As a child, the highlight of every trip to the Melbourne Aquarium was the ‘oceanarium’ – a 2.2 million litre tank encircling the viewing space. It was a magical experience being immersed in the watery world of its marine inhabitants, with bright coral climbing up the sides, stingrays gliding above and fish of every hue swimming by.
In particular, I remember watching scuba divers feed the grey nurse sharks. Despite their ferocious appearance, the sharks obediently accepted fish from the hands of the divers. Far from being the vicious man-eater that its menacing appearance suggested, the information board assured me that the grey nurse shark is actually a gentle mermaid with a placid nature. In fact, no one has ever been killed by a grey nurse shark and they will not attack a human unless provoked.
But if you’re a shark embryo trying to survive until birth, it’s a different story. Remember Lilly Okanakurama, the quiet one in Pitch Perfect with the creepy whispered confessions? The one who murmured ‘I ate my twin in the womb’? Grey nurse sharks are the aquatic equivalent, literally murdering and eating each other while still in their mother’s uterus. They must fight to the death just to be born – and they don’t just eat one twin, they eat almost all of their siblings before birth. If you thought that time you cut the hair off all your sister’s Barbies was vicious, think again.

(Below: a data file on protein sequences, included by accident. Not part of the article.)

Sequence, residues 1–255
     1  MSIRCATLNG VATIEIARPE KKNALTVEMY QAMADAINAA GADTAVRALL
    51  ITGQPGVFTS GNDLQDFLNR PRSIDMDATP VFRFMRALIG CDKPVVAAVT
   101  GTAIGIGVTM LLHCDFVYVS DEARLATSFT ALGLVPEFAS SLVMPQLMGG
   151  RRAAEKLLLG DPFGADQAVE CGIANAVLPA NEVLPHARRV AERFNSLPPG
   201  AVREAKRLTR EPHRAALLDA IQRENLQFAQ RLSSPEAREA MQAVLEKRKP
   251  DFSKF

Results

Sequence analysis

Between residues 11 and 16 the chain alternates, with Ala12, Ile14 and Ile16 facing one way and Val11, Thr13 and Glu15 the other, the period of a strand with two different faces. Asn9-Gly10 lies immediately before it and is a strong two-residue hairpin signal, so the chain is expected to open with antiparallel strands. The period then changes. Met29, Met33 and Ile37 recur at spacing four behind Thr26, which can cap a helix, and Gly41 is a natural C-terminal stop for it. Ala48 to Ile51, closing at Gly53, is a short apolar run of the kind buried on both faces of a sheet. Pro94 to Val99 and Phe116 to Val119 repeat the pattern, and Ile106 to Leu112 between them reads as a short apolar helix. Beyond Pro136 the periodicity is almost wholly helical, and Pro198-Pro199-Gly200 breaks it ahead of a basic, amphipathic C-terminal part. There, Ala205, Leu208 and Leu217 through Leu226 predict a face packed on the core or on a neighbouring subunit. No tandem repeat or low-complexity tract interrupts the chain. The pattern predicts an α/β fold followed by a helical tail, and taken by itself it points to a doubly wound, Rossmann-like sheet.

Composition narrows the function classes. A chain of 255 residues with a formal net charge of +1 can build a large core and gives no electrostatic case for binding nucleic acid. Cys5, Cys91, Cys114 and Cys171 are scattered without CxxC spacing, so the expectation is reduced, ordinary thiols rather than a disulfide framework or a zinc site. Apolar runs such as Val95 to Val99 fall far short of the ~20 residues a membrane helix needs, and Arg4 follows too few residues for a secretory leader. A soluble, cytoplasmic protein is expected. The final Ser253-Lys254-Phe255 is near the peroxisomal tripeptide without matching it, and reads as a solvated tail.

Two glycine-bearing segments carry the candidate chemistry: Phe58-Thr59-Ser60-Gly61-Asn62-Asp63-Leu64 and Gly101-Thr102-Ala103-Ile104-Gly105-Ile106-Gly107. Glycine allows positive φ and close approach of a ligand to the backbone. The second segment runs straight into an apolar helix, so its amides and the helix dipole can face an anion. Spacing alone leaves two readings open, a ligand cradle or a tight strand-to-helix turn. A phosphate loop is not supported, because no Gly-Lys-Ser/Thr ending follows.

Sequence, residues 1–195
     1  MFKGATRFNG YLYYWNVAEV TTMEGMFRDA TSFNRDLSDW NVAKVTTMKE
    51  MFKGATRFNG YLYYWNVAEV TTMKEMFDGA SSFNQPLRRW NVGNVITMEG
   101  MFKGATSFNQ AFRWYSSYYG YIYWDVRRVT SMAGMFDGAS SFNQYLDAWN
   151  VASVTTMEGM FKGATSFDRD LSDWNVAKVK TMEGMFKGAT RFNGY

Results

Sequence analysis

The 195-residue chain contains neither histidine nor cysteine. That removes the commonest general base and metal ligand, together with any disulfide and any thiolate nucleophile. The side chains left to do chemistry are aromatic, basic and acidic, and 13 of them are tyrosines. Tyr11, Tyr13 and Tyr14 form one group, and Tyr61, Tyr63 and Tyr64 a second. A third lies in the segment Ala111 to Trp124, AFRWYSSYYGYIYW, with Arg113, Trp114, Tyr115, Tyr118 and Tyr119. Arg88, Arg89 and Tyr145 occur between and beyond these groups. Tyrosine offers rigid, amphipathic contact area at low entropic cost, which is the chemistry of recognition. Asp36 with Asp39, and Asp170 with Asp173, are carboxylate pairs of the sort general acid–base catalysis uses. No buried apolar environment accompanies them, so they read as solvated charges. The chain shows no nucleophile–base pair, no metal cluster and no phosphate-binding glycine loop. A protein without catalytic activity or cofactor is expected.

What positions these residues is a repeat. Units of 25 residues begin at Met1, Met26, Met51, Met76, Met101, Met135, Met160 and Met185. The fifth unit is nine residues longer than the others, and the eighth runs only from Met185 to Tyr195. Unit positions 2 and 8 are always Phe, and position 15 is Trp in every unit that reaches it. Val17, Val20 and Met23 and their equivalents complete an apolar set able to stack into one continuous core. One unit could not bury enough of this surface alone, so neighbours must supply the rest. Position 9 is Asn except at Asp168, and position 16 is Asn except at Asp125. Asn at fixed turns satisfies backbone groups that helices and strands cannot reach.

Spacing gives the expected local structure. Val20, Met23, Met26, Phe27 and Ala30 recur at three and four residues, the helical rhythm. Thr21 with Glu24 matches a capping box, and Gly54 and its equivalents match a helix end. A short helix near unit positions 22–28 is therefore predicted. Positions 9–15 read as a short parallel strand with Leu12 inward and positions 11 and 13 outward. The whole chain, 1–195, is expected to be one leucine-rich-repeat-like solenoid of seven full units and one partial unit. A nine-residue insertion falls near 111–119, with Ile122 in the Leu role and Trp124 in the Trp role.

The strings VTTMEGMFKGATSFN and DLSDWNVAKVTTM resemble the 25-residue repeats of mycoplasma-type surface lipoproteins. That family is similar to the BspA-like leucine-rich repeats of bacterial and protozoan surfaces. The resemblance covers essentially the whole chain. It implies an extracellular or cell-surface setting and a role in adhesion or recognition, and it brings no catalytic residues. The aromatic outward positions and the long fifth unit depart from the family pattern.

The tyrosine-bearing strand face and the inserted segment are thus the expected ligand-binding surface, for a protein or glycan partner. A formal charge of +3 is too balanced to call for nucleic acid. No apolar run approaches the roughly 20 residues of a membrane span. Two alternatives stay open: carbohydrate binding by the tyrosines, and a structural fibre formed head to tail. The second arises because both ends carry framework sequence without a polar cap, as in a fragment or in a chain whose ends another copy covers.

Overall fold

A grey nurse shark’s uterus is a bloody battleground that turns sibling against sibling until only two remain, through an extreme form of intra-uterine cannibalism known as adelphophagy (literally, ‘eating one’s brother’). When a female becomes pregnant, she initially carries up to fifty eggs.
These eggs hatch into embryos that swim around the uterus feeding on the yolk sac left behind. But when this precious source of nutrients runs out, things turn sinister, and the Hunger Games begin. Using their sharp little teeth, the siblings murder and eat each other in the womb, until only two remain. Like Katniss and Peeta, these two reach a truce, and spend the rest of their gestation eating unfertilised eggs. After a year of pregnancy, the mother gives birth to two ‘pups’ that are large enough to be independent of their mother.
So why does nature bother with this vicious and wasteful process? The answer may be more than simple sibling rivalry, according to scientists who analysed the DNA of embryos from fifteen sharks at various stages of pregnancy. They found that, while the initial embryos often had a range of fathers, the two pups that survived until birth were likely to have the same father. This suggests that the embryos’ cannibalism may act as further competition between the males. By fathering stronger pups, males can assert genetic dominance and defeat their rivals long after mating has occurred. Another advantage may be that the female doesn’t need to be too choosy about who she mates with, as she knows only the strongest will survive. This is sexual selection at its most violent.
So next time you see eager divers entranced by a seemingly docile grey nurse shark, remember that shark’s violent beginnings – it isn’t as innocent as it seems. And cut your brother some slack next time he hogs the TV – if you were a shark it could be much worse.